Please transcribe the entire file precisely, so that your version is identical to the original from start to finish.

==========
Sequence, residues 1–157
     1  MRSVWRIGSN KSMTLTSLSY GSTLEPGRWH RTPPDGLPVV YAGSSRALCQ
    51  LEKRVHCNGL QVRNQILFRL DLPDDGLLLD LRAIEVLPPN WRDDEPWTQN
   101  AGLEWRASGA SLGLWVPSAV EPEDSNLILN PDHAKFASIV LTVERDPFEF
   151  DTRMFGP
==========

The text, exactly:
Sequence, residues 1–157
     1  MRSVWRIGSN KSMTLTSLSY GSTLEPGRWH RTPPDGLPVV YAGSSRALCQ
    51  LEKRVHCNGL QVRNQILFRL DLPDDGLLLD LRAIEVLPPN WRDDEPWTQN
   101  AGLEWRASGA SLGLWVPSAV EPEDSNLILN PDHAKFASIV LTVERDPFEF
   151  DTRMFGP